A place called paradise.
A village with fascinating origins,
Suurbraak is nestled amongst streams
of running water and sheltered by giant oaks.
19km East of Swellendam, and only 10km off the N2, the traveller encounters the town unexpectedly along the Tradouws river at the foot of the Langeberg mountains.
It lies about 5km west of the majestic Tradouws Pass, en route between Swellendam, Barrydale and Heidelberg. Come and explore its history. Discover its charms.
The Attaqua Tribe of the Quena (Hottentot) people of Southern Africa occupied the area known as Suurbraak today, which lies on their ancient trade route.
The kraals (settlements) of these trading people possessed such natural beauty that they called it Xairu, meaning "beautiful". The earliest Dutch cattle traders
translated the name to Paradise.
This traditional settlement drew the interests of the missionaries. It was established as a mission station in 1812 by die London Mission Society, and later in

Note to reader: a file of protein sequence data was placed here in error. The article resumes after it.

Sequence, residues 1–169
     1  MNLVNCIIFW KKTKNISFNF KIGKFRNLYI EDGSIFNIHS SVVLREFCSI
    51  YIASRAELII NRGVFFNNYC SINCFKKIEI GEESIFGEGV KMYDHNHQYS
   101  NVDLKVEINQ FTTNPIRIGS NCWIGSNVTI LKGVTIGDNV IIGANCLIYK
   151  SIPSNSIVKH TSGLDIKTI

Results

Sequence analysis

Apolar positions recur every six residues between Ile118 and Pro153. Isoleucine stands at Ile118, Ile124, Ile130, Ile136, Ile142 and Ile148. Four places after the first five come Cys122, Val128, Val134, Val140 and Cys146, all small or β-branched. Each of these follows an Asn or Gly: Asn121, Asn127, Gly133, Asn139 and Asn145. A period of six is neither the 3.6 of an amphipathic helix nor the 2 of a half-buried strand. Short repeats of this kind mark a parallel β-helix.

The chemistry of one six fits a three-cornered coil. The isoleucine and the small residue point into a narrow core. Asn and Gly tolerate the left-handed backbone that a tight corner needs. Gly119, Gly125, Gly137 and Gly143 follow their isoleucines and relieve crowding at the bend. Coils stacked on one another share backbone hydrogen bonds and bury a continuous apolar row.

1875, taken over by the Algemeende Sending Kerk. In 1880 the Anglican Church was also built as a result of a split in the congregation. Community involvement in
the church remains strong.
The buildings of the village tell the story of its history. The first church, the parsonage and school, together with the old houses and buildings around the village
square have been restored and are in use, as well as the Anglican Church building. All are situated on the main road through the town.
The isolation of Suurbraak which is one of its charms, limits the financial resources of the people. Many still cook on wood stoves, using an abundance of alien
vegetation that grows in this area.
The people live close to the land using farming methods that belong to the past. The smaller farms are still ploughed using horse drawn ploughs. Agricultural work
is often done manually. Many households own at least one cow and some horses. Horses and donkey drawn carts are often seen here on the streets. Visit the Suurbraak
Skrynwerkers to see the outstanding hand made "Van Gogh" chairs manufactured there. They are made from canary pine and woven sea grass seats, using the old "bodging"
method. Die Ou Wawiel Restaurant is situated on Rossouw Plein, and is one of the original restored homes.
The village is well worth visiting. The mountains are rich in fynbos and birdlife and cattle paths act as mountain trails for hikers and mountain bikers alike.